5. OikMaster

What’s it mean?
A script that will help you update and manage your Snort rules. (source: oikmaster site)
Why is it so hilarious?
For starters it has the word oink in it. Call juvenile, but that’s funny. If you compound oink (the sound a pig makes) with a mastery of it, that’s just downright hilarious.

6. chaffing and winnowing

What’s it mean?
Chaffing and winnowing are dual components of a privacy-enhancement scheme that does not require encryption. The technique consists of adding false packets to a message at the source (sender end of the circuit), and then removing the false packets at the destination (receiver end). The false packets obscure the intended message and render the transmission unintelligible to anyone except authorized recipients. (source: searchsecurity.com)
Why is it so hilarious?
Not a single term, but yet a strange situation in which two terms are tied to a single concept, and both of them are down right hilarious. Chaffing on its own means “To make fun of in a good-natured way; tease.” Good-natured teasing is humor based and… I’m grasping at straws here… besides, it sounds funny.

7. Port Swigger/Burp Suite

What’s it mean?
Burp suite is an integrated platform for attacking web applications (source: portswigger.net)
Why is it so hilarious?
Now this is a project that doesn’t take it too seriously. It was previously known as Port Swigger, which, I guess, means to rapidly drink a port (or data from a port) and I’m sure Burp needs no explanation.

8. Diffie-Hellman

What’s it mean?
A key agreement algorithm published in 1976 by Whitfield Diffie and Martin Hellman. Diffie-Hellman does key establishment, not encryption. However, the key that it produces may be used for encryption, for further key management operations, or for any other cryptography. (source: sans.org)
Why is it so hilarious?
I’d like to immediately apologies to Whitfield and Marin for making light of their last names, but when you combine them it just sounds silly. This is another one that has to be said aloud to be appreciated. Hearing it conjures images of rotten mayonnaise. Maybe I’m just warped.

9. Fuzzing

What’s it mean?
The use of special regression testing tools to generate out-of-spec input for an application in order to find security vulnerabilities. Also see “regression testing”. (source: sans.org)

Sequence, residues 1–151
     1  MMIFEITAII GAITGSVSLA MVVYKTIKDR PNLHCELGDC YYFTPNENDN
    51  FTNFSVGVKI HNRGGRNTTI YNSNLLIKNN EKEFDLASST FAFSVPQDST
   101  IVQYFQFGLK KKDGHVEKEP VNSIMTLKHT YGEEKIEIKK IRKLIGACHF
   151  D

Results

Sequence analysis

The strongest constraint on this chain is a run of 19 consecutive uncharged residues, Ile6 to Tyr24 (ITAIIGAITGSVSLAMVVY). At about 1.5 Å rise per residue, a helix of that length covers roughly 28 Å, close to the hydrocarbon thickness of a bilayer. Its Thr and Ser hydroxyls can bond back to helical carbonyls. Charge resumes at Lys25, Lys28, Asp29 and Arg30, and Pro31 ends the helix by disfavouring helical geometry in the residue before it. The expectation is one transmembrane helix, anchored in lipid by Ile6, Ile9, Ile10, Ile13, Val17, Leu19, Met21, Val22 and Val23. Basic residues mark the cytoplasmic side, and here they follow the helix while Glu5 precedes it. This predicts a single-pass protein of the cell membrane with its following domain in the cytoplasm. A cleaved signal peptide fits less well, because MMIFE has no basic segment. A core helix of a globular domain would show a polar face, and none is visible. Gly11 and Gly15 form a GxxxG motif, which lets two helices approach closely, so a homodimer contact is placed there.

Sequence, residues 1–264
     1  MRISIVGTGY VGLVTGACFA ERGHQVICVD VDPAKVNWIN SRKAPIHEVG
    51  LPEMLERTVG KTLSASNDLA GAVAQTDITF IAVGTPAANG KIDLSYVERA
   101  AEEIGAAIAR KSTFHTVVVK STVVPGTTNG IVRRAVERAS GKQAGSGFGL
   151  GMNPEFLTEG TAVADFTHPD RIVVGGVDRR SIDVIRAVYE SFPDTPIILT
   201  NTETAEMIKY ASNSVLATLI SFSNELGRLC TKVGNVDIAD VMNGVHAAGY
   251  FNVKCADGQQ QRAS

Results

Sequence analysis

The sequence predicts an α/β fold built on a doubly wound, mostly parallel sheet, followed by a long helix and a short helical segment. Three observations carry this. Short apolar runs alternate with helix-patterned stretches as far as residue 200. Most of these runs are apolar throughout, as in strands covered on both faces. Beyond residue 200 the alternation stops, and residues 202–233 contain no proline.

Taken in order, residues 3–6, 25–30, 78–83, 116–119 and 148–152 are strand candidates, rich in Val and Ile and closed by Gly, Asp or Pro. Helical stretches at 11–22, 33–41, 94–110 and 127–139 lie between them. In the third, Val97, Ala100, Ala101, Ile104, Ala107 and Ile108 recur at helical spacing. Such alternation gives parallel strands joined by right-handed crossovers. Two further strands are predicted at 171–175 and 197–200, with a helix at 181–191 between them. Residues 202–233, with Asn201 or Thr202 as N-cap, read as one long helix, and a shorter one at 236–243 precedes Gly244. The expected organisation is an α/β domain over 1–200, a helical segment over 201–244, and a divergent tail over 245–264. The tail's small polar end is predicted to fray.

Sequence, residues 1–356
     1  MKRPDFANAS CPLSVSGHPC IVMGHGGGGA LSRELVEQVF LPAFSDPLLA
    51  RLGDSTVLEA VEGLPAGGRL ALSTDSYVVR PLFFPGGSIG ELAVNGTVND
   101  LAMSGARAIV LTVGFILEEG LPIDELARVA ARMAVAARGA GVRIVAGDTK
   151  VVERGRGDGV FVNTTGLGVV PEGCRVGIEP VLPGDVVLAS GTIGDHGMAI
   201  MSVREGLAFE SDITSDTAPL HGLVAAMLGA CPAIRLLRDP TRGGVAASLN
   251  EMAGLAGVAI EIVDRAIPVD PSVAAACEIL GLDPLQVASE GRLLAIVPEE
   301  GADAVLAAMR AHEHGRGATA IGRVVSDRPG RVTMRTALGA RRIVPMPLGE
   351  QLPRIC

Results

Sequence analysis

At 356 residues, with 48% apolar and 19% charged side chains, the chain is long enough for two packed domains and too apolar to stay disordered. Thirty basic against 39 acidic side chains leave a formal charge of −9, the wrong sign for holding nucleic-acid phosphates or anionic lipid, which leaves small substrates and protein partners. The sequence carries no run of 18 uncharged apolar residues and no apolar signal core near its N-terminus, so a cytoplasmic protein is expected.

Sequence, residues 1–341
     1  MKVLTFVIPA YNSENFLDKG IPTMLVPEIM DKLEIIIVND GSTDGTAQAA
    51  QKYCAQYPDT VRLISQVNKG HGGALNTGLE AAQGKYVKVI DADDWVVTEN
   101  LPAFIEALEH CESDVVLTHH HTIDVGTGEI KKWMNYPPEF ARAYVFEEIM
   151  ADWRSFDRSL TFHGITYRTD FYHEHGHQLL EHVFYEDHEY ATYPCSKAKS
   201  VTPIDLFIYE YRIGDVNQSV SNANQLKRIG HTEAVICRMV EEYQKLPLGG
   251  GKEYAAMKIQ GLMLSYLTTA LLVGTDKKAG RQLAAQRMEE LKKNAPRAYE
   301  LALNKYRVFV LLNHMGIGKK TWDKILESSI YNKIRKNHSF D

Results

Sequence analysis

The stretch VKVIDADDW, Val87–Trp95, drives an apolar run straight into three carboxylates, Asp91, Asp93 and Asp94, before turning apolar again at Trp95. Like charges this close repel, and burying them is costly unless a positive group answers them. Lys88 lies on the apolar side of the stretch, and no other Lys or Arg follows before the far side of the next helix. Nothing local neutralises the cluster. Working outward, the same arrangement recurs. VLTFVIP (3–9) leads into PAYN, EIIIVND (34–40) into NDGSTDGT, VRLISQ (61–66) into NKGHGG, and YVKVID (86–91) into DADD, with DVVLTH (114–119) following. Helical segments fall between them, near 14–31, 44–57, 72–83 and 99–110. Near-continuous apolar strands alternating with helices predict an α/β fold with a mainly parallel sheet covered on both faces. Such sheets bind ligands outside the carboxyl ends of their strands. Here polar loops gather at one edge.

Why is it so hilarious?
Think puppies and kittens with their tickley softness.

10. Honeymonkey

What’s it mean?
Automated system simulating a user browsing websites. The system is typically configured to detect web sites which exploit vulnerabilities in the browser. Also known as Honey Client. (source: sans.org)
Why is it so hilarious?
Monkeys are, by default, funny. They do human things, make funny faces and fling poo. Cover them in honey and you have a sure-fire recipe for hilarity. Try it, you won’t be disappointed.

MacBook Pro Networking Issue

Today while working feverishly I have had my MBP shutdown 3 times for no apparent reason. The power adapter is plugged in and I am using the wired ethernet.

The shutdowns occurred when I had wandered away from the machine for a few minutes and not actively using it. I have no sleep mode set to kick in when the power is plugged in and the last time it happened was during a 3 minute phone call (I checked my phone to be certain).

About an hour I lost network connectivity all together. I checked ipconfig and it was reporting I had a 169.* ethernet address. This is the default when it can’t contact a DHCP server. After renewing my DHCP lease a few times I gave up and rebooted. This did the trick.

On digging through the logs I see this…

kernel[0]: ar5212GetPendingInterrupts: fatal error, ISR_RAC=0x8402c ISR_S2_S=0x10000
kernel[0]: AppleYukon: error – Uncorrectable PCI Express error

Has anyone else experienced this?

I found a couple hits on google but nothing with a definitive resolution.

f00

f00: Looking out our living room windowOh man, she did it again. Every time the Humane Society or Mid-Michigan Cat Rescue have kitties up for adoption at a pet supply store Missy ends up talking me into adopting one.

The last time this happened we got our fuzzy little assassin, Ninja. This time we got a beautiful orange (buff) tiger kitty. I named him f00.

He is adapting to his new environment fairly well. He has thoroughly investigated every room in the house and hasn’t hid yet. The others still hiss and growl whenever he is around but they will warm up to him eventually.